Debit calling can be used by the inmate to call any number approved by their facility.


Or call 888-506-8407.

Payments accepted

Money Orders and Cashier's Checks also accepted by mail.

Note: Debit services can be purchased directly by the inmate using funds from his/her trust or commissary account.Click here for more information on how to fund a trust account for an IDOC inmate.

Inmate Voicemail

Inmate voicemail is available at IDOC using the same Prepaid Collect Calling Plan used to receive phone calls. Voicemails are one-way only, from outside parties to inmates (inmates may not leave voicemails for outside called parties). Voicemails are up to 2 minutes in length.

To send a voicemail to an IDOC inmate:

  • You must have an established Prepaid Collect Calling Plan - this is the same Prepaid Collect Plan you use to receive regular inmate phone calls.
  • Have the phone number associated with Prepaid Collect Calling Plan, as well as your inmate's IDOC ID number. Click here to find your inmate's ID number.
  • Call 208-258-3670 and follow the system prompts.

'I was freaking out:' Wife of ISCC inmate was on the phone with husband during Saturday night 'disturbance'

BOISE, Idaho — The Idaho Department of Correction (IDOC) continues to investigate a 'disturbance' that took place at the Idaho State Correctional Center (ISCC) on Saturday evening. Four inmates were taken to the hospital with non-life-threatening injuries as a result of the disturbance.

The disturbance began Saturday afternoon when several inmates began destroying property in the H-Block of Tier 1 in the facility. It is currently not known why the inmates began destroying property.

Among the inmates in the H-Block is Jessica Marston's husband, Jeremy, who was on the phone with her during the incident on Saturday.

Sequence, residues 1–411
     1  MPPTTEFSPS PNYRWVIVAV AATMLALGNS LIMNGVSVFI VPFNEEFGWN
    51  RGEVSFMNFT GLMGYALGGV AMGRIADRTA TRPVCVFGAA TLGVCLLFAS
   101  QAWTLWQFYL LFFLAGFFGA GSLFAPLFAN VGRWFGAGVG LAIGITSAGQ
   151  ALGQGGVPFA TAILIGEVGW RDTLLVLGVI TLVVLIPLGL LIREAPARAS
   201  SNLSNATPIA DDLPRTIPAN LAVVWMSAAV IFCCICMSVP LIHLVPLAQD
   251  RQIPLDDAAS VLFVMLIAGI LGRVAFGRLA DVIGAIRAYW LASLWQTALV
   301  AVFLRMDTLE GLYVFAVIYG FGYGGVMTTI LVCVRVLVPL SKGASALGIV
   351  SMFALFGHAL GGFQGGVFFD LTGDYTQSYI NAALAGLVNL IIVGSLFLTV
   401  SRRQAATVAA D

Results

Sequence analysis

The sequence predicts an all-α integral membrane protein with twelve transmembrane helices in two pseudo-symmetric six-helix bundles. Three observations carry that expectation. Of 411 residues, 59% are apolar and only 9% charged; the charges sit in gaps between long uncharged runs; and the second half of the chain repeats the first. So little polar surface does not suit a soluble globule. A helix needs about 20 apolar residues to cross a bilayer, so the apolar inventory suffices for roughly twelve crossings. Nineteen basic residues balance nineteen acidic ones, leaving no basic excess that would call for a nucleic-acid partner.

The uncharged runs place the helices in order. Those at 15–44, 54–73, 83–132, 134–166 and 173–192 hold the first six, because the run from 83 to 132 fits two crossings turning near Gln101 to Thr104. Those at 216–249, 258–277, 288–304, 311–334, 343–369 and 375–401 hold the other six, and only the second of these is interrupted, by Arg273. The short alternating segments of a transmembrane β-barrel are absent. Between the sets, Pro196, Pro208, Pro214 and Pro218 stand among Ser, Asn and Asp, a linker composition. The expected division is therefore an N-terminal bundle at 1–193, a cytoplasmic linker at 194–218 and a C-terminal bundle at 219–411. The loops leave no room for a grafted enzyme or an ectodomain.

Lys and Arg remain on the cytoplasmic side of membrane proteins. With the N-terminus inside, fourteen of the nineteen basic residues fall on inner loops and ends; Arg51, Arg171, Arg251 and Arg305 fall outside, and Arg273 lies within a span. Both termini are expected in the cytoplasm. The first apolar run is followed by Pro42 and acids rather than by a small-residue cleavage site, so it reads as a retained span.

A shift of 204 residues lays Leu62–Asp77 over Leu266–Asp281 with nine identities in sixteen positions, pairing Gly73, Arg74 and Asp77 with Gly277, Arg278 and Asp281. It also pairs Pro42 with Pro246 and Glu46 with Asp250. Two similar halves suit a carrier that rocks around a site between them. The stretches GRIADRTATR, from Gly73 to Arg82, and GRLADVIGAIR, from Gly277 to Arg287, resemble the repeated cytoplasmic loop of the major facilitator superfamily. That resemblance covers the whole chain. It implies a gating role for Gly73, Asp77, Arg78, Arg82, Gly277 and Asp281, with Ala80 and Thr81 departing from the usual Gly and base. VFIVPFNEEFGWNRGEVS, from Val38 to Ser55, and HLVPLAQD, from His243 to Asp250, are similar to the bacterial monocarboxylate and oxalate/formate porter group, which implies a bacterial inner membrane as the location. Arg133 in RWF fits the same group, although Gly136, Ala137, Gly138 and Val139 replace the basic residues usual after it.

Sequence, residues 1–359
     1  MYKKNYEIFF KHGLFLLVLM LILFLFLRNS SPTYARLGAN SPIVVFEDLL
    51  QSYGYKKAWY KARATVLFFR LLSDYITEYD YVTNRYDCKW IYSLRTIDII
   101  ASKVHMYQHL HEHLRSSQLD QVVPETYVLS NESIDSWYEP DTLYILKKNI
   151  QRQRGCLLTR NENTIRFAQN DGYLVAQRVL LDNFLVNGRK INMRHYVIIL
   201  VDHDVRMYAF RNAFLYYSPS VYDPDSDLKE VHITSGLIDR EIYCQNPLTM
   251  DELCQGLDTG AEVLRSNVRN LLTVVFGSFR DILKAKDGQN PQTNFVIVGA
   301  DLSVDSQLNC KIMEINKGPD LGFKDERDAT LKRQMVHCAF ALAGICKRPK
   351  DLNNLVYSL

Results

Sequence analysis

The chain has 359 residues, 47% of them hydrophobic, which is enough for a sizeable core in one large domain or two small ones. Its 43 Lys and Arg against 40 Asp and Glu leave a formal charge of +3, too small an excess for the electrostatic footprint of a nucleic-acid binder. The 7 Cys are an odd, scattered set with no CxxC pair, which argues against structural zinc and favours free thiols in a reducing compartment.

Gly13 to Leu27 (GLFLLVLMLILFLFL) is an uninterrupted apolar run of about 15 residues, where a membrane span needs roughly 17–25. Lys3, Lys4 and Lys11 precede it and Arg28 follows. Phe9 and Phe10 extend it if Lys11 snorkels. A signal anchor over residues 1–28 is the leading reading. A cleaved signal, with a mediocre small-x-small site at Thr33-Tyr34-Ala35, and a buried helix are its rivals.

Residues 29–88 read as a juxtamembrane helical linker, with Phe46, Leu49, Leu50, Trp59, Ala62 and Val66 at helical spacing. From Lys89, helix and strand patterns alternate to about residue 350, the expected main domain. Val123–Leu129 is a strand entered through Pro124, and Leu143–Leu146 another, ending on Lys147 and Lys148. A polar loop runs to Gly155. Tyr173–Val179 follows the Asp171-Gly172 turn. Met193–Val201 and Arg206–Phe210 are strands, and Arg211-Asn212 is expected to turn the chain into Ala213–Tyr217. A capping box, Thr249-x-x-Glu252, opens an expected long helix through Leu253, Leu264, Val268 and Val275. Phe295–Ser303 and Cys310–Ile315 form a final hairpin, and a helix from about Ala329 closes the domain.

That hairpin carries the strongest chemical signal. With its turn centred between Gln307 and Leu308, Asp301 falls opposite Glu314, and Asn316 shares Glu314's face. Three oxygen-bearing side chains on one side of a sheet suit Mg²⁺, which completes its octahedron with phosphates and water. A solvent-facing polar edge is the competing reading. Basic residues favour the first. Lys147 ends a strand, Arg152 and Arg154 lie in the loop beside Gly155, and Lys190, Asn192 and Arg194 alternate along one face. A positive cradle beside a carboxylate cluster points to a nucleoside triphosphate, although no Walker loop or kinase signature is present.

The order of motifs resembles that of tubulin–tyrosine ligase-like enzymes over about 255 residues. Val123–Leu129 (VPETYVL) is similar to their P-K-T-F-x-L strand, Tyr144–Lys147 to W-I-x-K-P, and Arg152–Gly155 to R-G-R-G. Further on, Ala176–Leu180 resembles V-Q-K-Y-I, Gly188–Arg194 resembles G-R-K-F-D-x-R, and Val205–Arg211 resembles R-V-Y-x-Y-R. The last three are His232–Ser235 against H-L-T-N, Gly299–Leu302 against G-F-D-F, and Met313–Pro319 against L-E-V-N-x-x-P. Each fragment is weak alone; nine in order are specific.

“It’s been brewing,” Marston said.

Marston's husband was in the block the disturbance was occurring but did not personally take part in any destruction, as the two were speaking to each other on the phone when the incident began.

“When he was on the phone with me, he put the phone up and it was loud in there,” Marston said. “You could hear the inmates yelling and guards yelling. He told me the guards were videotaping them, all the inmates broke brooms and mops and everything else they could get their hands on."

According to IDOC, several residents started destroying property around 4:30 p.m. This incident was isolated only to Tier 1 in the H-block, but guards decided to evacuate three tiers, totaling around 300 inmates.

It is not known how many inmates were involved in the disturbance.

An IDOC spokesperson said they received reports that some residents attempted to start a fire and break windows, in addition to the destroying of property. The disturbance lasted until late into the night.

“You don't just have a disturbance when fires are started and they're breaking mops and brooms to make weapons and trying to break the ceiling to get out and breaking phones off the walls,” Marston said.

Marston believes this incident was more of a riot than a disturbance, but IDOC stated the incident was not a riot.

“I was freaking out because I didn't want him involved,” she said. “Because I've seen prison riots on TV and they can get crazy, and the innocent can get hurt for no reason.”

Marston has not spoken to her husband since Saturday and is not sure when she'll be able to speak to him again.

“He's a very kind guy, he's very kind-hearted, and he's caring. He will give you the shirt off his back if he knows you're in need,” she said. “He just made a wrong choice.”

KTVB did reach out to IDOC for more details but a spokesperson said they should have more details on Monday.